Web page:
For instance, when I lost half of my hearing 4 or 5 years ago, I couldn't make any sense of music whatsoever...with or without hearing aids. It was just a chaos of clashing, unorganized sounds. But after about 3 years, I began to hear music as I knew it should be, and now I get most of it.

So....don't give up on the hearing aids.

(P.S. to Farmerman: I agree. There are times when I'm very glad I can't hear everything! And the best part of wearing hearing aids is taking them out just before I go to bed. Everything suddenly gets very, very quiet, and I fall asleep so fast!)
roger
 
  1  
Reply Mon 20 Jul, 2009 10:38 pm
@Eva,
True. When you first start wearing one, you feel you are under constant assault in a hostil world.

Best solution is to get Wally's yoga instructor to a speech therapist.
0 Replies
 
dlowan
 
  1  
Reply Mon 20 Jul, 2009 10:52 pm
@sozobe,
sozobe wrote:

Yep, that's good advice. They frequently have programs where they give gadgets away, or offer it at a reduced price.

This seems promising:

http://www.txsha.org/

Or else these guys:

http://www.hearingloss.org/



That's very interesting Soz.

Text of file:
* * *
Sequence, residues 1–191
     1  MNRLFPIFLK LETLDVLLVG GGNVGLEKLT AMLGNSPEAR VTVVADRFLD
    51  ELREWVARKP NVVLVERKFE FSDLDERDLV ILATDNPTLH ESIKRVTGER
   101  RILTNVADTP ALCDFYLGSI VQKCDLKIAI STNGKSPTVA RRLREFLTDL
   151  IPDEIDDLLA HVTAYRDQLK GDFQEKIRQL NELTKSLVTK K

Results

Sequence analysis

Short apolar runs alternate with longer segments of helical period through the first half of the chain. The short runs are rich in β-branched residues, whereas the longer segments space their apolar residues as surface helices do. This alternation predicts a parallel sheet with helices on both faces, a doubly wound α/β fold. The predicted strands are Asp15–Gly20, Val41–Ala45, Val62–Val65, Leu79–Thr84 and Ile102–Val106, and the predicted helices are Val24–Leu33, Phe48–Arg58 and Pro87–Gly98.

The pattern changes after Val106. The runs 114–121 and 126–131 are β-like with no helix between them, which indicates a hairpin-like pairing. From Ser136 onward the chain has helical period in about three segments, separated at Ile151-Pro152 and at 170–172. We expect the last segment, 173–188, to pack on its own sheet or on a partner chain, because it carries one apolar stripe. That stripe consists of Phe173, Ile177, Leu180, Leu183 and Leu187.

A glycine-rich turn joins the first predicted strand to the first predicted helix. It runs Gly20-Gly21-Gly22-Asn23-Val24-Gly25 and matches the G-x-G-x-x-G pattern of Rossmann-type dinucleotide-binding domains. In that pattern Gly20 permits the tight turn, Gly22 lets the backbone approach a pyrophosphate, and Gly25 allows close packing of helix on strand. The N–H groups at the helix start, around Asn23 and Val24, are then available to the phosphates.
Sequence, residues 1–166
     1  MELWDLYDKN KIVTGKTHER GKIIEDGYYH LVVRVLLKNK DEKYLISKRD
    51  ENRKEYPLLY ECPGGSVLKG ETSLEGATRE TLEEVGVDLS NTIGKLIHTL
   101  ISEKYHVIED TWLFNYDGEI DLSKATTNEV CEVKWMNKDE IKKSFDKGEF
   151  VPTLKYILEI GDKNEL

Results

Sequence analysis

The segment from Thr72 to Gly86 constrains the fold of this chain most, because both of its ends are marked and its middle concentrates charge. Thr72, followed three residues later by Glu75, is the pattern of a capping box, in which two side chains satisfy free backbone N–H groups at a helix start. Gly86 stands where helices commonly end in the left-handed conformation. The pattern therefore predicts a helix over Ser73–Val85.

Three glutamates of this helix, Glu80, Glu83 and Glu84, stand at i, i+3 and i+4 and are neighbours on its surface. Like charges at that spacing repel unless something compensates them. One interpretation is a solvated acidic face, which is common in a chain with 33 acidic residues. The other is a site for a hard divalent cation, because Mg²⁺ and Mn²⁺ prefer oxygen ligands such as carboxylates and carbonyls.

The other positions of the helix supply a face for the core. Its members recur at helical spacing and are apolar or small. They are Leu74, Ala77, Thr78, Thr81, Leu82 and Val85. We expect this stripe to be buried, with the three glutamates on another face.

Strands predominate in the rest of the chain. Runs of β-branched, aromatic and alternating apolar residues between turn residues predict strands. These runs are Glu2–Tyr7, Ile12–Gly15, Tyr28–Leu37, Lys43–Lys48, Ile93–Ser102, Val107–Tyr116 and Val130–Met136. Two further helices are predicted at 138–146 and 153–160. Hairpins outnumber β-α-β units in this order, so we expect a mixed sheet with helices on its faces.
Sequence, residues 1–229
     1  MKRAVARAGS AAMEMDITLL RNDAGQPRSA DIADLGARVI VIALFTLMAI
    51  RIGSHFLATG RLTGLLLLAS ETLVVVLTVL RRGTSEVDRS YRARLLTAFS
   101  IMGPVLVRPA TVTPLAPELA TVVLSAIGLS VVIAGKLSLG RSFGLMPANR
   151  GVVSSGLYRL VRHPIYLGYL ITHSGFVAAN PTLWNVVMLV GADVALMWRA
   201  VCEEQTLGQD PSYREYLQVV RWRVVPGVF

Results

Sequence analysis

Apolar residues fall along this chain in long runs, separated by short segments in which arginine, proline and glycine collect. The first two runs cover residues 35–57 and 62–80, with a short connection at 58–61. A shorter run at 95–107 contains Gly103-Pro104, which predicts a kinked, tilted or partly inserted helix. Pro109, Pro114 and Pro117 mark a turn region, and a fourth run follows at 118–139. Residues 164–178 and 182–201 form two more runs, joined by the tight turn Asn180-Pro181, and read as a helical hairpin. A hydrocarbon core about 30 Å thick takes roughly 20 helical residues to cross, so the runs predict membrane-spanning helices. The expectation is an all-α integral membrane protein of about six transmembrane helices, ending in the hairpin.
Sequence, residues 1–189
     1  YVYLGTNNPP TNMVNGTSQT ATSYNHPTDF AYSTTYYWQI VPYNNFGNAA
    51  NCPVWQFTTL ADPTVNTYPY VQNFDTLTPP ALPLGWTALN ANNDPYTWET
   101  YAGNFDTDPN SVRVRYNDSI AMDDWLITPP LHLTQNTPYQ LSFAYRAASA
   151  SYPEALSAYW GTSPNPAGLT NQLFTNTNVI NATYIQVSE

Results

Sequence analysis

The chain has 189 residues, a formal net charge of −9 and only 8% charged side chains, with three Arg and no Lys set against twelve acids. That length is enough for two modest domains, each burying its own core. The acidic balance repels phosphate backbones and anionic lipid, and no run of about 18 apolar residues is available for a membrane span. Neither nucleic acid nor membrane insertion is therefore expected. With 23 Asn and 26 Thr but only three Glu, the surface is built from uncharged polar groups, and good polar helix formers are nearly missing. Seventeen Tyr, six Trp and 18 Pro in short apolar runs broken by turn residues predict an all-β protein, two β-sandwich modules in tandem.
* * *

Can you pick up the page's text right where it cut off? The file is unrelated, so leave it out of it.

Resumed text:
Do they control somehow for the sound of the thing brushing against clothing?


I really need aids...but just can't manage the cost...and it is all so damn confusing!!!


A friend just bought, I think, $6.000 worth of hearing aid...and they are great (I sampled them)....but I get so confused re cheap, expensive...and anyhow I can't afford right now.

I'd look at forking out for the devices you mention here, though....I will check whether they are available in Oz, where I might test them.

I had also heard that there are semi-disposable ones at around $50 bucks, that last a while, and had read that, for a lot of folk, they seem to do about as good a job as the really expensive ones.

I have no idea if these are available here.


0 Replies
 
sozobe
 
  1  
Reply Tue 21 Jul, 2009 06:25 am
@Eva,
Eva wrote:
(P.S. to Farmerman: I agree. There are times when I'm very glad I can't hear everything! And the best part of wearing hearing aids is taking them out just before I go to bed. Everything suddenly gets very, very quiet, and I fall asleep so fast!)


Ha! I remember that.

Nice to get the update on how you're doing, too, glad things are going so well for you!

I definitely agree that hearing aids often need time before they work well for the person using them. The problem is, sometimes even with time they don't work well. (I had been wearing them for about 10 years and had been at the same hearing loss level for about 6 years when I gave up on mine -- just really didn't help. I recently went to an ENT to just kind of do a tech check -- see where things are these days and whether a new-fangled hearing aid would help. They said no.)